Pat Benatar, lumberjack show among fair offerings

Pat Benatar, lumberjack show among fair offerings

Record-Journal


The 2017 version of the Durham Fair lands on Thursday, Sept. 21 and lasts through Sunday, Sept. 24 between two centennial milestones.

The 98th annual Durham Fair is 101 years after the first Durham Fair and two fairs shy of the 100th Durham Fair, which Durham Fair organizers say will be the big anniversary recognition. The number of fairs and the tally do not match up because World War II and the hurricane of 1938 canceled the fair for several years.

The 98th Durham Fair arrives, bringing with it much tradition, and some new features, such as a lumberjack show and a Military Appreciation Day.

Friday’s headlining entertainment is the country act Brothers Osborne, winners of the Country Music Association’s Duo of the Year Award, with the local band Jackson Hill as openers.

Pat Benatar and Neil Giraldo headline Saturday night. Classic rock acts, such as Foreigner and REO Speedwagon have done well the Durham Fair in recent years.

The Sunday Main Stage act, The USO Show Troupe, is the first USO show at the Durham Fair and was chosen to coincide with Military Appreciation Day.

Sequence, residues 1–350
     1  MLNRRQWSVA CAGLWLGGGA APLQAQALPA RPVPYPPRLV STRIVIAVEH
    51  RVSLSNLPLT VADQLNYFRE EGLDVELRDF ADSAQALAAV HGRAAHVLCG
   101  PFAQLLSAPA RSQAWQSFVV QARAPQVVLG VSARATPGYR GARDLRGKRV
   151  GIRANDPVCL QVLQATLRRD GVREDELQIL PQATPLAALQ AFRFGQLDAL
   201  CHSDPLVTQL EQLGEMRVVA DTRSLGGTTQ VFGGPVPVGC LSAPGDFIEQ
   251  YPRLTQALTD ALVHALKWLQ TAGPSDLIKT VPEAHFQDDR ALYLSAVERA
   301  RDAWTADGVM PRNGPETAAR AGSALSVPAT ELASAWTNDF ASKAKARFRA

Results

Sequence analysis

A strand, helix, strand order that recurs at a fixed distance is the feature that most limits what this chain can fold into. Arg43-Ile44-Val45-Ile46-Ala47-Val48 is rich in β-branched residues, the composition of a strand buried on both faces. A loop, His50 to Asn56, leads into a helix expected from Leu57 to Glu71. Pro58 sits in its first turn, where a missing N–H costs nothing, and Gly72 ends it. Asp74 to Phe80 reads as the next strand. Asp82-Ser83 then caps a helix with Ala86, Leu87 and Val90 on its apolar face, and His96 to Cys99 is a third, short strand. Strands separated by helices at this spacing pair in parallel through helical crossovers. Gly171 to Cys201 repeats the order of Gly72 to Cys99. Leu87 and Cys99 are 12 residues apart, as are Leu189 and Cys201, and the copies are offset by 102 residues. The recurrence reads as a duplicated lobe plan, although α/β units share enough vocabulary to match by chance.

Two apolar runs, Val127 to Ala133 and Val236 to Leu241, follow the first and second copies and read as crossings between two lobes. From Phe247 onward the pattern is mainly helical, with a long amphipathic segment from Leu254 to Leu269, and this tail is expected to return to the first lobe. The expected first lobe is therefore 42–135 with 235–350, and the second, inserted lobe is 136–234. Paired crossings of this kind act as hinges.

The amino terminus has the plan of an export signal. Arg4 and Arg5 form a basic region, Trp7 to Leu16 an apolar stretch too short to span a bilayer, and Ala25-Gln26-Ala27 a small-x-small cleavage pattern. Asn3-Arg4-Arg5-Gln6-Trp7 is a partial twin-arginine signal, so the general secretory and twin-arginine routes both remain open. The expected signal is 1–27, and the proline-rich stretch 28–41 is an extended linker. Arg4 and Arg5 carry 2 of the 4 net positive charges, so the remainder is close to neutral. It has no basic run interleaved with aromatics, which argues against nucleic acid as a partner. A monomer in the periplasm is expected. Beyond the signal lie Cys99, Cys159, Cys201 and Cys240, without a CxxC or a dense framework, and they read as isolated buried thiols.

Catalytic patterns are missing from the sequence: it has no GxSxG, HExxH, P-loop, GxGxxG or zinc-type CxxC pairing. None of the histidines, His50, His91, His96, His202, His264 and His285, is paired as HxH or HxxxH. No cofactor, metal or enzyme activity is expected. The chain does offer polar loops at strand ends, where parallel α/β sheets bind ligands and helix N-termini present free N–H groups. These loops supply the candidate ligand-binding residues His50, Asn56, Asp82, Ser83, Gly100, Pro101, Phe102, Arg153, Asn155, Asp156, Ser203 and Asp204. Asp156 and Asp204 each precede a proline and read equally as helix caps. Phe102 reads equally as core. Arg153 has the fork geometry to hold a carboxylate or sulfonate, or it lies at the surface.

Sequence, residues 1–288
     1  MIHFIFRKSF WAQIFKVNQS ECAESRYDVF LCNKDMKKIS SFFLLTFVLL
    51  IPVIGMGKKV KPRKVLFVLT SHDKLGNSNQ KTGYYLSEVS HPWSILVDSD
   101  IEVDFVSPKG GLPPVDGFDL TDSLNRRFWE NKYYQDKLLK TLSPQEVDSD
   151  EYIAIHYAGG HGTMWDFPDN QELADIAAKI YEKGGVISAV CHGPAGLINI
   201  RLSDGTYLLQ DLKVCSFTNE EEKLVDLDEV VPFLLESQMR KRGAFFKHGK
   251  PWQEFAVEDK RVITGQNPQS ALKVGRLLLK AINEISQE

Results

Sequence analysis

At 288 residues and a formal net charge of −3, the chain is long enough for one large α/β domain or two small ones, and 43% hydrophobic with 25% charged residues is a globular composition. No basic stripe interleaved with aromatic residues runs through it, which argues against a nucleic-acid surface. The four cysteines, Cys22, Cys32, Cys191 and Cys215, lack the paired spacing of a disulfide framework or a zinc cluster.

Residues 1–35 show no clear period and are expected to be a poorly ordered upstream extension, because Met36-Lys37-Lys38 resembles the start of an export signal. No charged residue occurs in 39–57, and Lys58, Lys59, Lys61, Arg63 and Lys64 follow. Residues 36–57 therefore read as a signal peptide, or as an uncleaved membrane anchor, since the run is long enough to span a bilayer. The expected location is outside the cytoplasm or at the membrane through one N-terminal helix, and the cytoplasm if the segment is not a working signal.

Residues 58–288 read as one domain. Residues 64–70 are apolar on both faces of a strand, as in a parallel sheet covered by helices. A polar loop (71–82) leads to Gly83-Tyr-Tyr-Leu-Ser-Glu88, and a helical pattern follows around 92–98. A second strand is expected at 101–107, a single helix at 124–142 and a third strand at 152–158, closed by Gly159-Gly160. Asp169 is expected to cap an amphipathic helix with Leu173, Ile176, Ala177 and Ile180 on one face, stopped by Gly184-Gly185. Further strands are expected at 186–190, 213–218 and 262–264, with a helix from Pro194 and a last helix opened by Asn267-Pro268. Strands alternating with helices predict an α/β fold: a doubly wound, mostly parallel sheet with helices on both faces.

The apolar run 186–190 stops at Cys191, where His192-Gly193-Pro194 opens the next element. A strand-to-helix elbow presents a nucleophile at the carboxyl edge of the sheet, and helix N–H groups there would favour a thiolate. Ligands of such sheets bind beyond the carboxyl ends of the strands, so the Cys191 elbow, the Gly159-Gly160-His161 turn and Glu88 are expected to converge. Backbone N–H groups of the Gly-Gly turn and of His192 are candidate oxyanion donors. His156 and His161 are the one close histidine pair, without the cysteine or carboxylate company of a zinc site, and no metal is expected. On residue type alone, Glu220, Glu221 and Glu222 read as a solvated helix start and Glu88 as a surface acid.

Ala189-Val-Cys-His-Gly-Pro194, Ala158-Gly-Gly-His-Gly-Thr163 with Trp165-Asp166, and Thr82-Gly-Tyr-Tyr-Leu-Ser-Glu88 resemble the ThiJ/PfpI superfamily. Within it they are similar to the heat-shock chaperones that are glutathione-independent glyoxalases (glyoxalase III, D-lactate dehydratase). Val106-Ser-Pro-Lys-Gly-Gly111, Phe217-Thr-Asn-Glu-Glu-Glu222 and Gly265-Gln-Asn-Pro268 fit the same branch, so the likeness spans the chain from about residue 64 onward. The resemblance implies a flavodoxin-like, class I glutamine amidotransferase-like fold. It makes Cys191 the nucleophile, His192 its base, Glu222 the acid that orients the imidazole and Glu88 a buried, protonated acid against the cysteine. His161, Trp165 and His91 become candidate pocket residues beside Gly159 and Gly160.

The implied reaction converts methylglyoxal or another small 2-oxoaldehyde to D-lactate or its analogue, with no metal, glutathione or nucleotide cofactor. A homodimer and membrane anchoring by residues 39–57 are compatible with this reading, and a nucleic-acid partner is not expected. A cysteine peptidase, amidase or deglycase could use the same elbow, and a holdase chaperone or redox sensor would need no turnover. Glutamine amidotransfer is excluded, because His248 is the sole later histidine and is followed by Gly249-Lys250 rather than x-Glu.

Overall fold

“We always have a really robust line up,” said Durham Fair Association President Dan Miramant.

Another new addition to the 98th annual Durham Fair is The Indian River Olde Time Lumberjack Show. On each day of the fair, lumberjacks will perform skills such as axe-throwing, log-rolling, and springboard chopping.

The lumberjack show takes over the Redneck Arena, which has been re-named this year as the Lumberjack Arena. According to Durham Fair Director of Marketing Deb Huscher, it is not known yet if the Redneck Games will return.

The lumberjacks earned the spot as this year’s novelty act as a result of a Facebook poll. “We said let’s have the fair-goers vote,” said Huscher. “The lumberjacks won by about 45 percent.”

As large as the Durham Fair has grown, with as many as 200,000 people coming through in a weekend, Miramant said that the focus still remains on the roots of the agricultural fair. “We’re all about the preservation of agriculture. It’s on everyone’s radar,” said Miramant. “It’s the agriculture preservation and getting our youth and community involvement is what this fair has been about for years.”

The Durham Fair Association has already started planning for the centennial. A committee run by Mary Ann Boord and Karen Conway has been in place for two years. According to Huscher, the specific plans for the centennial are in the works, but not quite firm yet and organizers have taken a hiatus from that to work on the short term goal of a successful 98th Durham Fair.


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